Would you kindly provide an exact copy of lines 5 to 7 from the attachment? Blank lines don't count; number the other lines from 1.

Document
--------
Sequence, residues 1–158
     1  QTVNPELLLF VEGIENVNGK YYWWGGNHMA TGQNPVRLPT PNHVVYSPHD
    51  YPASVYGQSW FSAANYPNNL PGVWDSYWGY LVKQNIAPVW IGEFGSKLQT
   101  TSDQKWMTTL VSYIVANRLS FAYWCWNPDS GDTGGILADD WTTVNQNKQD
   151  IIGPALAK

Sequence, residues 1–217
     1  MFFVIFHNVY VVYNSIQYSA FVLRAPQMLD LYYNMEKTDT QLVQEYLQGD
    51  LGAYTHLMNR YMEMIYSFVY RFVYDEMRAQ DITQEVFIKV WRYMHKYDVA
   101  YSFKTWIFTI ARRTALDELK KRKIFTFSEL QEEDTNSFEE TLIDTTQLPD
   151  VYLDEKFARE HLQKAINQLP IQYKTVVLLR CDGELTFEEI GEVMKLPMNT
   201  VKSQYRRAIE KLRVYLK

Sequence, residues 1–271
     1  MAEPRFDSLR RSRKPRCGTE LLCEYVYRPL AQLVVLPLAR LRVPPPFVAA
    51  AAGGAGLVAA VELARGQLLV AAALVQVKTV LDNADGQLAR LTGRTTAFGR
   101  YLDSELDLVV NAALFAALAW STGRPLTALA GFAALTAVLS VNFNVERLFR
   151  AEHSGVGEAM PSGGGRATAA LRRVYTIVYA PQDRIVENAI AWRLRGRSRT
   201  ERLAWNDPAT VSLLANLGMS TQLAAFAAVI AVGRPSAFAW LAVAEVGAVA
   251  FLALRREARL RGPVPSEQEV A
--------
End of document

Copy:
   151  IIGPALAK

Sequence, residues 1–217
     1  MFFVIFHNVY VVYNSIQYSA FVLRAPQMLD LYYNMEKTDT QLVQEYLQGD